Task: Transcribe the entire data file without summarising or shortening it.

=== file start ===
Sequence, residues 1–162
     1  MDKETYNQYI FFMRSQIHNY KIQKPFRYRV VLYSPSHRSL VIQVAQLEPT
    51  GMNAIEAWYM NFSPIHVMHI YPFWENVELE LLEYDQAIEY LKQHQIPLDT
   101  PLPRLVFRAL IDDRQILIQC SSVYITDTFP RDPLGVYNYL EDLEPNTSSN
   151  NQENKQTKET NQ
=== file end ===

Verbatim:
Sequence, residues 1–162
     1  MDKETYNQYI FFMRSQIHNY KIQKPFRYRV VLYSPSHRSL VIQVAQLEPT
    51  GMNAIEAWYM NFSPIHVMHI YPFWENVELE LLEYDQAIEY LKQHQIPLDT
   101  PLPRLVFRAL IDDRQILIQC SSVYITDTFP RDPLGVYNYL EDLEPNTSSN
   151  NQENKQTKET NQ